On International Women’s Day, the majority of the more than 60 million child brides around the world will spend their time as they spend every other day of the year: out-of-school, at-risk, marginalized and poor. The theme chosen by the United Nations for International Women’s Day 2012 is “Empower Rural Women – End Hunger and Poverty.” At first glance, this has little to do with child marriage. But rural poverty is at the root of the high prevalence of early marriage (UNICEF, 2006). Within the context of traditions that devalue women, families often see girls as an economic burden or as a tool for relieving their debts.
Over the last six months, staff of The Public Health Institute’s (PHI) Adolescent Girls’ Advocacy & Leadership Initiative (AGALI) have created a short film that explores the relationship between poverty, tradition, and child marriage in Malawi. Lifting Our Voices: Ending Child Marriage in Malawi addresses the issue of child marriage in Malawi and its impact on adolescent girls’ health and wellbeing.
In Malawi, nearly 47% of girls are married before the age of 18 (ICRW, 2007), often to much older men. Girls who marry young experience high rates of health complications and economic hardship relating to early childbearing and lack of educational opportunities. These married girls are at far higher risk than their unmarried peers of dropping out of school, experiencing domestic violence, and living in extreme poverty.
Last August, after coordinating a week-long AGALI advocacy workshop in central Malawi for 19 leaders and advocates, Lorena Gomez-Barris and I traveled 13 hours north with AGALI Country Representative Howard Kasiya and one of our 2011 AGALI Fellows, Esther Munthali. There, only a few miles from the border with Tanzania, Esther introduced us to a young woman who she met through the groundbreaking work of her organization, FOCUS.Like many girls her age, Catherine Kauka was the victim of bride kidnapping, a common practice in northern Malawi where men kidnap girls and force them into marriage against their will. Although families and communities often accept this practice, Catherine was able to escape this fate through the support of her father. Her unusual and inspiring story sheds light on the continuing challenge of what can be done to address child marriage. Interspersing Catherine’s personal story with commentary from AGALI-affiliated experts in Malawi, Lifting Our Voices examines the varied causes and consequences of child marriage, and discusses the policy and programming solutions that can be implemented to address this critical public health issue.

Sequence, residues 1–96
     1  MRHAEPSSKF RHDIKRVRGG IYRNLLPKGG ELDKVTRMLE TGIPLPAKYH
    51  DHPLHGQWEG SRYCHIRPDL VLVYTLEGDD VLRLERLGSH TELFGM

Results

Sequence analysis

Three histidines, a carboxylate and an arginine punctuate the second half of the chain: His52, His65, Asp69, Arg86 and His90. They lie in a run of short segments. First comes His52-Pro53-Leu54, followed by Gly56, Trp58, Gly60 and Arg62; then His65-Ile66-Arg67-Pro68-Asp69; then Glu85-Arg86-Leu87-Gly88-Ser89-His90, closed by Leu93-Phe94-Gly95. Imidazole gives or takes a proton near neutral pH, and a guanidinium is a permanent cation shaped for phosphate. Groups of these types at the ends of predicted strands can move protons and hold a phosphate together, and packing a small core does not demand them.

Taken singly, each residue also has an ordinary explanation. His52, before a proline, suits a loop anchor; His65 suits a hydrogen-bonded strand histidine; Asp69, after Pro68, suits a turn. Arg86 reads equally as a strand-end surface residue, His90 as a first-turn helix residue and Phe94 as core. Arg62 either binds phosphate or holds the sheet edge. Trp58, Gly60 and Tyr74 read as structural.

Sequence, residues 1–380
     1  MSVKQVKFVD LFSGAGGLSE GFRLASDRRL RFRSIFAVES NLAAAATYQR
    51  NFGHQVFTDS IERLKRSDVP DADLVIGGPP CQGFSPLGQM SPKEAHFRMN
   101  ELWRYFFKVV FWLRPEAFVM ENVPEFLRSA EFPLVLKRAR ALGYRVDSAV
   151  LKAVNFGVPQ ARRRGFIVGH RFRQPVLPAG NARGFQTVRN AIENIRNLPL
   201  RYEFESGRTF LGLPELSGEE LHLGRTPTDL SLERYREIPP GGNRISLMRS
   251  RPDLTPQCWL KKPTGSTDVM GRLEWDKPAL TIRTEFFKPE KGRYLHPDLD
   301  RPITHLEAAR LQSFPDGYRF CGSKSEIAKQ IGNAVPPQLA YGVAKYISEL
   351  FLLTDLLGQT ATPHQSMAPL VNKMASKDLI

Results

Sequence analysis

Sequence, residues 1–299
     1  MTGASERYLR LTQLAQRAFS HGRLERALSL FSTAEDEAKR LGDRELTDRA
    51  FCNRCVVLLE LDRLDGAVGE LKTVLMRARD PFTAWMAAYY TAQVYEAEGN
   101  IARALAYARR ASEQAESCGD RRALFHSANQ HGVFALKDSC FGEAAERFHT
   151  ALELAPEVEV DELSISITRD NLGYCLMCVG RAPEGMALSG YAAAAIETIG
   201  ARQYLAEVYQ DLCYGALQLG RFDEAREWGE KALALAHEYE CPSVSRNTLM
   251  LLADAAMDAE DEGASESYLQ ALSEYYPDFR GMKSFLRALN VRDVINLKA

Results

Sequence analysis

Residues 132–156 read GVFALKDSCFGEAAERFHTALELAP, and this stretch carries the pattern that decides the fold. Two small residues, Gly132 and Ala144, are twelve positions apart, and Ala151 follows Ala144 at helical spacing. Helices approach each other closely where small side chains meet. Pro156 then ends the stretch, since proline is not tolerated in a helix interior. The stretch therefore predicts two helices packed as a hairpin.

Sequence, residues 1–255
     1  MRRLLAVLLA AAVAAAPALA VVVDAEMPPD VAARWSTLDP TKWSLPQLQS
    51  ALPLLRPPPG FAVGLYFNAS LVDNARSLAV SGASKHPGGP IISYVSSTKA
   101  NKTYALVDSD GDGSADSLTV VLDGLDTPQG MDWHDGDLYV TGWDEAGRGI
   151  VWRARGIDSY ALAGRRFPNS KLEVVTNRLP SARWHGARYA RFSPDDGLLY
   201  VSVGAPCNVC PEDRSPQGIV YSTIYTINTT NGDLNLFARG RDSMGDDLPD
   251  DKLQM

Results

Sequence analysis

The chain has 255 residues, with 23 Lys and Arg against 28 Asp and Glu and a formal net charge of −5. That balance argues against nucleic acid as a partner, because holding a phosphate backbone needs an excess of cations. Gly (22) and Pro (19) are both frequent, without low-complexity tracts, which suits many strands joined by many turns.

In honor of International Women’s Day this year, AGALI staff will be screening Lifting Our Voices: Ending Child Marriage in Malawi at PHI headquarters in Oakland, CA from noon-1pm on Thursday, March 8th. We hope that you will join us in learning about the exciting work being done to empower rural women and to end the practice of child marriage in Malawi and around the world.